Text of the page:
Fortis Healthcare Said to Consider Buyout of Singapore TrustBy and
Fortis considers bringing in new investor to fund take-private
IHH vies with buyout firms to invest in hospital operator
Fortis Healthcare Ltd., India’s second-largest private hospital chain by market value, is weighing a buyout of the Singapore-listed business trust that owns some of its clinics, people with knowledge of the matter said.
The New Delhi-based company is considering making an offer for all the units it doesn’t already own in RHT Health Trust, which has a market value of S$726 million ($520 million), according to the people. Deliberations on the potential take-private deal are at an early stage, and Fortis Healthcare could decide not to proceed with a bid, the people said, asking not to be identified because the information is private.
RHT rose as much 5.8 percent Monday in Singapore, the biggest intraday gain in more than a month, prompting an exchange query. Units of the trust were up 4 percent before RHT requested a trading halt, pending a response to the bourse operator. The benchmark Straits Times Index fell 0.5 percent at the close in the city-state.
Fortis Healthcare would first need to raise cash to fund the buyout, which it plans to do by bringing in a new investor, the people said. IHH Healthcare Bhd. is among strategic bidders considering an investment in Fortis Healthcare, according to the people. They are competing with KKR & Co., TPG and Bain Capital, which have also been in talks about a possible deal with the Indian hospital operator, the people said.
Fortis has informed RHT that it’s continuously evaluating various restructuring options for all its assets, including acquisitions, mergers and de-mergers, RHT said in response to the Singapore Exchange’s query over unusual share-price movements.
Representatives for Bain, Fortis Healthcare, KKR and TPG declined to comment. IHH said in an emailed statement it’s “always looking at various value accretive opportunities,” declining to comment on any specific transactions.
Any deal would add to $7.4 billion in takeovers of Singapore-listed companies over the past 12 months, according to data compiled by Bloomberg. Taking full ownership of RHT could boost Fortis Healthcare’s profit, as it would remove the need to pay fees to the trust for providing some services at hospitals operated by Fortis Healthcare, the people said. It currently holds 29.6 percent of RHT, exchange filings show.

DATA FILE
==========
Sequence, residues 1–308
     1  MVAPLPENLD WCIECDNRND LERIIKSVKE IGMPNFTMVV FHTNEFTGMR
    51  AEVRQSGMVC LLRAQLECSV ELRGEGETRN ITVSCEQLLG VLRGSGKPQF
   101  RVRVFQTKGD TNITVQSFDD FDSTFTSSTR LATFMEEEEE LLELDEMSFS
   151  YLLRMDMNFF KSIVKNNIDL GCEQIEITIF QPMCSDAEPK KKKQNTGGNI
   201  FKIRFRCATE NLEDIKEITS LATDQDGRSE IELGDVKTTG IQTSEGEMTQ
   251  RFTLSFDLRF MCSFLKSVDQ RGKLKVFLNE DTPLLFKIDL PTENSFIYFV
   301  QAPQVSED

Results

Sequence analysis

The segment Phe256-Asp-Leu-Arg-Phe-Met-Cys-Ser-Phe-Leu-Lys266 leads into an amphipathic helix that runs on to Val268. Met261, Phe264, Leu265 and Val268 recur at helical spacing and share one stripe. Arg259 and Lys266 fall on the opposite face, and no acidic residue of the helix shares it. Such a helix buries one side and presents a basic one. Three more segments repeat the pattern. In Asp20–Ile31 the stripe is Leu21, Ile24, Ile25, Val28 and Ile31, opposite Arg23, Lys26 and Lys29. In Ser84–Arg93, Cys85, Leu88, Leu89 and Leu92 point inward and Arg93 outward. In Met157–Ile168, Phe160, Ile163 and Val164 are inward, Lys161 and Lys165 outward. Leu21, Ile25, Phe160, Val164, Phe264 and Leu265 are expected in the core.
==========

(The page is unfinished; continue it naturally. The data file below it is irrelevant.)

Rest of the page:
At least some of Fortis Healthcare’s fundraising could come through a sale of compulsorily convertible debentures, though the company hasn’t decided on the exact structure, according to the people. A deal agreement could be complicated by a legal dispute between Fortis Healthcare’s founding Singh brothers and Japanese drugmaker Daiichi Sankyo Co., the people said.
Daiichi has been seeking enforcement of a Singapore arbitration award against the Indian businessmen. Following a petition by Daiichi, the brothers have given an undertaking not to sell assets without seeking permission from the Delhi High Court. The Singhs have challenged the arbitration award in a Singapore court and are opposing Daiichi’s plea for enforcement of the award in India.
The Singh brothers have also been in discussions about selling a stake in SRL Ltd., the pathology-lab chain being spun off from Fortis Healthcare as a separate listed company, the people said. They have held talks with private equity firms including KKR, TPG and Bain, according to the people. The brothers are seeking a valuation of about 62 billion rupees ($948 million) for the business, one of the people said.
Religare Enterprises Ltd., which is also backed by the Singh brothers, is separately negotiating the sale of a stake in medical insurer Religare Health Insurance Co., according to the people. The Mumbai-listed company is also in talks to sell a controlling interest in small-business lender Religare Finvest Ltd., the people said.
No final deal agreements have been reached, and there’s no certainty any discussions will result in a transaction, the people said. Representatives for Religare Enterprises and the Singh brothers’ holding company declined to comment.